Yasuchika Hasegawa, who is this year the co-chair of World Economic Forum's annual meeting, looks at Japan and sees a glimpse into what might await the rest of the developed world.
"Population growth is plateauing, but, at the same time, aging is progressing," Hasegawa told the forum. "If you look back at many developed countries' economic growth, when the economy was rapidly growing the population was growing as well. So this population growth and the economic growth came hand and hand together in most the countries. But those days are over for mature and developed countries."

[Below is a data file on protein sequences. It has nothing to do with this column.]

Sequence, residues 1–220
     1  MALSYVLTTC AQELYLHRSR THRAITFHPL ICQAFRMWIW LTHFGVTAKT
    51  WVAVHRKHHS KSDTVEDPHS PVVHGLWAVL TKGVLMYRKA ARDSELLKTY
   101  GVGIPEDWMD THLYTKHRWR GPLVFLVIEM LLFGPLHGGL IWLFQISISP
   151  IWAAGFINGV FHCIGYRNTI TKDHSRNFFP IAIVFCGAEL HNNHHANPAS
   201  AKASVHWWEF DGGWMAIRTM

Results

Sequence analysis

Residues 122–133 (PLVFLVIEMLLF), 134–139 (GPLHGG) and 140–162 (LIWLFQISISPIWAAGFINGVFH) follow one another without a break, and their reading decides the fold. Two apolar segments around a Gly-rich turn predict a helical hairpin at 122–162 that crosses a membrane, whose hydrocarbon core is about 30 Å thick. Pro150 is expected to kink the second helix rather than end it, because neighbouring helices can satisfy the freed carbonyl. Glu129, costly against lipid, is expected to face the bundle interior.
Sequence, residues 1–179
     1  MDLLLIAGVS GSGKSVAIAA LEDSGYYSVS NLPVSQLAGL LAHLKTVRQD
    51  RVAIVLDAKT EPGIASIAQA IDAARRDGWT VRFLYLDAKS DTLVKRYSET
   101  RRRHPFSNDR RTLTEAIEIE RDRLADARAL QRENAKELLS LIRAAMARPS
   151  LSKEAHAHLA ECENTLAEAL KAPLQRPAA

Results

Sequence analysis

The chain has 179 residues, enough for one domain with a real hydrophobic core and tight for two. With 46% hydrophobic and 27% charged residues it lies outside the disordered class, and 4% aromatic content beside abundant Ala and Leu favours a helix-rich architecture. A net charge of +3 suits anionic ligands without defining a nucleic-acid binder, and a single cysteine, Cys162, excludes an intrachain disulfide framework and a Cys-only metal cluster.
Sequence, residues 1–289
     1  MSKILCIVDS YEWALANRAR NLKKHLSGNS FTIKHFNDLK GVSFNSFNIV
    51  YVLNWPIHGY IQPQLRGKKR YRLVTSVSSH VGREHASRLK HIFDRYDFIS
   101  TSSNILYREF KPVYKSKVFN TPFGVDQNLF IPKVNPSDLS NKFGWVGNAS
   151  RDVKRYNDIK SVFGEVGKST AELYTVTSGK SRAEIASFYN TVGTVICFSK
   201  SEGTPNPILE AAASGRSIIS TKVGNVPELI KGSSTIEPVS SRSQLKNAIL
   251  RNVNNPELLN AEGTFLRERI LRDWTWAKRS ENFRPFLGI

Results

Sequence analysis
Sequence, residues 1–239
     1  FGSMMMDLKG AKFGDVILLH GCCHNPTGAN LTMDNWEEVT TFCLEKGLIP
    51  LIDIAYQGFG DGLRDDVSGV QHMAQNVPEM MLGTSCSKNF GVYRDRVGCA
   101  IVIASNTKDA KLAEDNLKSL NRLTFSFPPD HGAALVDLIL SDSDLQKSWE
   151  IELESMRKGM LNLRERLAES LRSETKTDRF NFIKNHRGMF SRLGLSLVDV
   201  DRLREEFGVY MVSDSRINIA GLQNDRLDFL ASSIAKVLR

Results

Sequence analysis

The developed world's rapidly-aging populations will force hard choices onto nations unwilling to open their gates to new immigrants or kick start population growth in other ways, Mr. Hasegawa argued. Those nations, he added, will have to increase taxes and cut back on pensions. Well, that or face insolvency.
"The problem is shifting the money from less-income young people to the higher-income elderly people," he said. "Normally, logically that should be the other way around. But because of this situation, that is the reality in Japan."
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